Studies: Texas Tort Reform Has Had No Effect on Physician Supply, Lowering Costs

Conventional wisdom for many is that the 2003 Texas constitutional amendment limiting medical malpractice lawsuits has created in an influx of physicians from out-of-state and tempered healthcare costs.

Others argued that medical malpractice caps would bring down healthcare costs. The assumption is that physicians would be less inclined to practice defensive medicine. Also, fewer malpractice cases would be filed, with savings from lower litigation costs and less expensive malpractice premiums resulting in lower healthcare costs.

However, three studies have sharply challenged all of these assumptions.

Four researchers—including a University of Texas law professor—concluded that there was no evidence that Texas physicians were leaving the state prior to the 2003 law, or that there was a significant increase in physicians moving to Texas because of better liability climate.

The 2003 legislation, which resulted a 70 percent decrease in medical malpractice claims, limited non-economic damages to $250,000 for a healthcare provider and $500,000 for healthcare facilities. Malpractice claim payouts dropped by more than 75 percent. Insurance premiums fell by about one half.

Gov. Rick Perry, during his failed presidential campaign, claimed that Texas has added 21,000 physicians because of the law. PolitiFact, a news organization that attempts to verify political statements, disputed that figure and the number of practicing physicians was 12,788, and quoted experts who credited the state’s increasing population rather than its liability climate.

The researchers reached much the same conclusion. They pointed out that Perry cited Texas Medical Board (TMB) license applications for his claims. Those figures, they said, do not reflect whether the licensees are actually practicing medicine and ignore the number of physicians who are retiring or leave the state. They said other factors contributed to the increase in physicians, such as Hurricane Katrina relocations.

Researchers relied on data from the Texas Department of State Health Services, which they said begins with TMB data and then makes adjustments to determine the number of physicians directly treating patients. They found that there was no evidence that the number of active Texas physicians is larger than it would have been without tort reform.

They point out that advocates tend to credit every post-reform license to tort reform. However, there was a spike in direct-care physicians after Hurricane Katrina struck Louisiana in 2005. Licenses also do not take into account how many physicians are engage in patient care rather than occupying research or administrative roles. For example, only 39 percent of licensed Texas physicians actively treat patients, a slight decrease from prior to tort reform.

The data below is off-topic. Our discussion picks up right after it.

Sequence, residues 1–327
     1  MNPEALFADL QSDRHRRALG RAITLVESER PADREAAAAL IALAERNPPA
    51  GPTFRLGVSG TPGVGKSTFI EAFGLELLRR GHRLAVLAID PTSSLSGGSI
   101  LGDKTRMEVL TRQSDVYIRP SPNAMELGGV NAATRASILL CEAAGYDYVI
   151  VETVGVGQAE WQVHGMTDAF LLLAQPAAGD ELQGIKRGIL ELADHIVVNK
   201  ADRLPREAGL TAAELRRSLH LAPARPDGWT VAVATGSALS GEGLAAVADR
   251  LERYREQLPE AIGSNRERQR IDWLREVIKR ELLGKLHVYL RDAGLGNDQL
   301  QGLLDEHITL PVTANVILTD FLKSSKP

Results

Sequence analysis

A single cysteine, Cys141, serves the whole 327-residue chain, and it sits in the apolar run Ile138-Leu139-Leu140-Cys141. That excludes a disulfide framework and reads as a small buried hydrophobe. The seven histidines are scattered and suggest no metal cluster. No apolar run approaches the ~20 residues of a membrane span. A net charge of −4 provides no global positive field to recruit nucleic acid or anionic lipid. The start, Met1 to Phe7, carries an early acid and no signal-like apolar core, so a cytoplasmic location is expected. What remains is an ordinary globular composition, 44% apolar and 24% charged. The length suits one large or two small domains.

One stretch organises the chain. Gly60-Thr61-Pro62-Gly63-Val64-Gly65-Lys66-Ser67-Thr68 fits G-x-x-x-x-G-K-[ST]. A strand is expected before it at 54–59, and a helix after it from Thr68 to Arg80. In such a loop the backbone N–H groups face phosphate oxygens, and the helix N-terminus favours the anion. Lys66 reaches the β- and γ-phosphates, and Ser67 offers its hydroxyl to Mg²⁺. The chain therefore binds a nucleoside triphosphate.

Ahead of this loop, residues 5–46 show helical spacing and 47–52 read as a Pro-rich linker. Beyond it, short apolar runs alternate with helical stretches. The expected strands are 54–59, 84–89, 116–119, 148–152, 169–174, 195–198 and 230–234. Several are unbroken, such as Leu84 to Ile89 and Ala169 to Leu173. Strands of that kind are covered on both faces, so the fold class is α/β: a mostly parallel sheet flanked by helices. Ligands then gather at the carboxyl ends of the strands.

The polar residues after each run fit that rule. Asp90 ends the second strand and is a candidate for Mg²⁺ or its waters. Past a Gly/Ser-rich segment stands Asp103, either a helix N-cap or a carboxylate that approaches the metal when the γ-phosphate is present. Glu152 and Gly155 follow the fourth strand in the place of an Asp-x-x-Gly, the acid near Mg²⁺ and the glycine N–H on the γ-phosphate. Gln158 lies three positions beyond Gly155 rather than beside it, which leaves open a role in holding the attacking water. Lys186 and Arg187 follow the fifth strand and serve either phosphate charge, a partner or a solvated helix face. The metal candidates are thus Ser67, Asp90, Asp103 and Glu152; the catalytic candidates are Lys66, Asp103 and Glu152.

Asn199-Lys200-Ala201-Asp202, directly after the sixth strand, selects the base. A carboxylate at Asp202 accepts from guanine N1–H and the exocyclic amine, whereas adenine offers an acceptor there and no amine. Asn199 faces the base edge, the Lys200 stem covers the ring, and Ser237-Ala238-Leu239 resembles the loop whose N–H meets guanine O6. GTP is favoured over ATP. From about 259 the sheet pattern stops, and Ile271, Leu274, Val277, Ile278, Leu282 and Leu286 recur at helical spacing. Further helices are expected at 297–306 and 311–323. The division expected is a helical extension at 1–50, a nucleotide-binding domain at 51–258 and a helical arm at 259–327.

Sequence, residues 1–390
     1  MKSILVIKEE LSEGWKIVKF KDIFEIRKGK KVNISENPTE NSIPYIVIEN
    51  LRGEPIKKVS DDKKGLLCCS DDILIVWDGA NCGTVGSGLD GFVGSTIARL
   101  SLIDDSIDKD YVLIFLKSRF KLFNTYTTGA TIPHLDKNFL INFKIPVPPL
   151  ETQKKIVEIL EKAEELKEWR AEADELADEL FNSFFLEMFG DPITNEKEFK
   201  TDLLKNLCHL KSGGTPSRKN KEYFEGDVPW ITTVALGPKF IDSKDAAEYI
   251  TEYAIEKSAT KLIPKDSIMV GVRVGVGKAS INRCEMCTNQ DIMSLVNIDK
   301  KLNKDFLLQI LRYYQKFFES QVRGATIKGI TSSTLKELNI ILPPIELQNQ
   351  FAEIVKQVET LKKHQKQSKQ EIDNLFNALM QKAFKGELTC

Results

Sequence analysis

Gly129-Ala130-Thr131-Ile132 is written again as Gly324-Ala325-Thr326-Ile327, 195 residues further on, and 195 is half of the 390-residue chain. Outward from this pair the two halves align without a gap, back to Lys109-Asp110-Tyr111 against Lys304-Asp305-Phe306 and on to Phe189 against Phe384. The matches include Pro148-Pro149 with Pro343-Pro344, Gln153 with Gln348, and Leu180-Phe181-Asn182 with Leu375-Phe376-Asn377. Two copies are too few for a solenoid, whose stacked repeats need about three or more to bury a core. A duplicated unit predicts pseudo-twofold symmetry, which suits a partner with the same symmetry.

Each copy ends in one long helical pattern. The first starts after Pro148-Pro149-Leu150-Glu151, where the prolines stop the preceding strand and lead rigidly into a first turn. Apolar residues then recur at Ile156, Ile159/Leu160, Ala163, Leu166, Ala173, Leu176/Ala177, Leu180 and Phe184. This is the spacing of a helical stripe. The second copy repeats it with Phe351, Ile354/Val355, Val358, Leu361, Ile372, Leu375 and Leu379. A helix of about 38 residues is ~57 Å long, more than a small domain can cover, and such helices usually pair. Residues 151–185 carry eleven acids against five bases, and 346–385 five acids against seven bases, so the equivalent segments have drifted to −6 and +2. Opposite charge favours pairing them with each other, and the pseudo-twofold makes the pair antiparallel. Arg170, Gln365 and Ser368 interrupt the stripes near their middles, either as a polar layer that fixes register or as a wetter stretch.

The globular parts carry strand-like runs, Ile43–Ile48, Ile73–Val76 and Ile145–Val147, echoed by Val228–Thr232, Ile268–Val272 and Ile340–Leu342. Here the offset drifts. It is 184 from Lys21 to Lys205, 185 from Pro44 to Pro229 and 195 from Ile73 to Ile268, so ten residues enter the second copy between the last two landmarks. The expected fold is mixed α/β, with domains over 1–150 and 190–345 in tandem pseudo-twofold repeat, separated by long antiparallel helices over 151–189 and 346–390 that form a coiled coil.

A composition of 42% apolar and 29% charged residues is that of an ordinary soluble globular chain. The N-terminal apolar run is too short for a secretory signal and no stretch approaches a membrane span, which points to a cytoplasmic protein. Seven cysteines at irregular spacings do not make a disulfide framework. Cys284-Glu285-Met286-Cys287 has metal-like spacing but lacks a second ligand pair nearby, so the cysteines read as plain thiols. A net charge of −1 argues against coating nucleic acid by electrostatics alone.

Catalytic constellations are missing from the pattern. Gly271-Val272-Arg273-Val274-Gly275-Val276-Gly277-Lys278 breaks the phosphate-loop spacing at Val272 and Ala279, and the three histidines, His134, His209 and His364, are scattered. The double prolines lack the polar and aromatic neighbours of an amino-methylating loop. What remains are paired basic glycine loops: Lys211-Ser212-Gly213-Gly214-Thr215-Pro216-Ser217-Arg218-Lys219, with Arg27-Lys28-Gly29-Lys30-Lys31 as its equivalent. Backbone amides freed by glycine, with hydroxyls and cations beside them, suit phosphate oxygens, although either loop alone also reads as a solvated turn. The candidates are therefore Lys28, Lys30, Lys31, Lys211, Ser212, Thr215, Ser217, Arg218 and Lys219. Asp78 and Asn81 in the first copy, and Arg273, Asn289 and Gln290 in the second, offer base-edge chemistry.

Researchers also noted that the number of licenses do not reflect the number of physicians leaving the state or retiring. They say the increases in licenses may be related to departures, suggesting that new licensees were attracted by job openings rather than tort reform.

Based on their analysis, the number of direct-patient care physicians grew more slowly after malpractice reform—although the researchers acknowledge could have been worse without reform.

“Physician supply appears to be primarily driven by factors other than liability risk, including population trends, location of the physician’s residency, job opportunities within the physician’s specialty, lifestyle choices, and demand for medical services,” the researchers wrote. “For some physicians, malpractice insurance rates and the risk of being sued may be important factors. But for many physicians, other factors matter more.”

Perry criticized the study’s conclusions and argued in a July op-ed column in The Statesman in Austin that tort reform, in fact, had boosted the number of physicians in Texas and charged that Charles Silver, a UT law professor who was one of the researchers, has “close ties to the trial lawyer lobby” and the study was “another in a long line of attacks” against tort reform.

In an interview, Silver said the researchers benefited from the fact that Texas is one of the few states with a robust medical malpractice database. He said an interesting research question would be to explore why more physicians are not attracted to Texas if the cost of doing business is less expensive because of tort reform.

“I think the answer is that one has to assume a static environment for that to be true,” he said. “If I am in New York and threaten to leave to go to Texas, perhaps my salary is raised. Tort reform may make states respond in other ways to make practices more attractive. It is only one of many variables or considerations that affect doctors’ decisions to relocate.”

The same group of researchers also looked at the effect of tort reform on healthcare costs and found no evidence that they fell after 2003. The researchers compared healthcare costs in Texas counties where doctors faced a higher risk of lawsuits with those with a lower risk. The assumption was that physicians in high-risk counties were practicing more defensive medicine prior to 2003, and that fewer unnecessary procedures would be performed after 2003. However, they found that there were slightly more procedures performed in high-risk counties after the law was passed.

In seven categories of risk, Dallas and Tarrant were in the third-highest category while Collin and Denton were in the fourth-highest category.

A third report by non-profit advocacy group Public Citizen in October 2011 echoed the conclusions of both research studies. The report, called “A Failed Experiment,” found that Medicare spending and private insurance premiums both have risen faster than the national average since tort reform.

That group also examined the trend in direct-care physician growth between 1996 and 2010. It found that those physicians grew by more than 9 percent prior to tort reform, and about 4 percent afterward. It also said physician growth in rural Texas fell by 1 percent since reform, after having grown more than 23 percent prior to the law.